The Blessed Beauty again refers to these Pharisees and how they contended with Jesus when He writes: 'Consider those who opposed the Son (Jesus), when He came unto them with sovereignty and power. How many the Pharisees who were waiting to behold Him, and were lamenting over their separation from Him! And yet, when the fragrance of His coming was wafted over them, and His beauty was unveiled, they turned aside from Him and disputed with Him.'[F2]

      Bahá'u'lláh refers to Jesus a little more directly when He writes: 'Call thou to remembrance Him Who was the Spirit (Jesus), Who when He came, the most learned of His age pronounced judgment against Him in His own country, whilst he who was only a fisherman believed in Him.' [F1] Here the Blessed Beauty reminds the Pope that he too is in the position--though with even more power and over more people--as that of Caiaphas. The Gospel of Matthew portrays how Caiaphas behaved towards Christ as follows:

      In that same passage, Bahá'u'lláh also reminds Pope Pius IX of the humble origins of the Papacy itself by reminding him that Peter, Christ's greatest disciple, was a lowly fisherman who nevertheless, and unlike the high and mighty Caiaphas, had the spiritual capacity to not only recognize Jesus as the Christ but also to leave his old familiar life completely behind to follow Him. This is also supported in the Gospel of Matthew.

      Bahá'u'lláh thus laid out clearly for the Pope the choice of paths which he could take. He gently made the Pope recall the love which he held for Jesus by directly refering to Him, though having missed Muhammad's Revelation and the Quran, the Pope may not have understood that 'the Spirit' actually referred to Jesus Christ (though Bahá'u'lláh may have opened the Pope's spiritual eyes long enough for him to catch the reference.) Also, in the second reference made to Jesus in regard to the Pharisees, Bahá'u'lláh uses the term 'the Son' in reference to Christ, a terminology the Pope could not misunderstand. This gentle reminder coupled with His earler proclamation in that same Tablet that He was Christ returned in the glory of the Father, was also a gentle suggestion that the Pope should extend that love for Christ to the Person of His return. Notice that He does so amidst His admonishments to the Pope, providing a softness and kindness to the harsher words of admonition regarding the Pope's accumulation of earthly wealth and his heedlessness of his Lord's plight. After all, if he had the chance to make Jesus's life easier, wouldn't he do everything he could to do so? He now had this chance with the Person of Christ's return, so why was he dallying?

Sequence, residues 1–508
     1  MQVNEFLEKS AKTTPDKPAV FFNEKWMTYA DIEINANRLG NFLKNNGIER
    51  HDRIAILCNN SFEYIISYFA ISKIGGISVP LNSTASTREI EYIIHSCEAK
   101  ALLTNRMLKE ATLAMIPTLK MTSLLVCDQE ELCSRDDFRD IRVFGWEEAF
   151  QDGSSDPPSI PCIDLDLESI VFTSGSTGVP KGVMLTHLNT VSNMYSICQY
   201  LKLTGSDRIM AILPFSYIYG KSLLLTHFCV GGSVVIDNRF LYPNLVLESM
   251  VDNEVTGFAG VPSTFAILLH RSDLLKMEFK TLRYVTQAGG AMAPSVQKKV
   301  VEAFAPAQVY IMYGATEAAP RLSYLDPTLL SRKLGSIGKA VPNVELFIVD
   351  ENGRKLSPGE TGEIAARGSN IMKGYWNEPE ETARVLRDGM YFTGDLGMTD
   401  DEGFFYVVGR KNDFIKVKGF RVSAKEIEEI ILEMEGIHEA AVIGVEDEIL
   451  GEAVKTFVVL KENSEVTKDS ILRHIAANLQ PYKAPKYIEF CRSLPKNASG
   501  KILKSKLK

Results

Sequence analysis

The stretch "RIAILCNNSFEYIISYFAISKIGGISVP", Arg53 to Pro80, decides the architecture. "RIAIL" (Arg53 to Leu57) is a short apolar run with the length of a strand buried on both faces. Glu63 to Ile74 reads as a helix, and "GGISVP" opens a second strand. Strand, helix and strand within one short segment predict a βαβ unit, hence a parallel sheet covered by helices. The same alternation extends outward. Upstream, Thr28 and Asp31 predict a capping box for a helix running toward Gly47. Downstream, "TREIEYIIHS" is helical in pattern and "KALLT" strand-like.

Bahá'u'lláh again proclaims His Station in the following passage: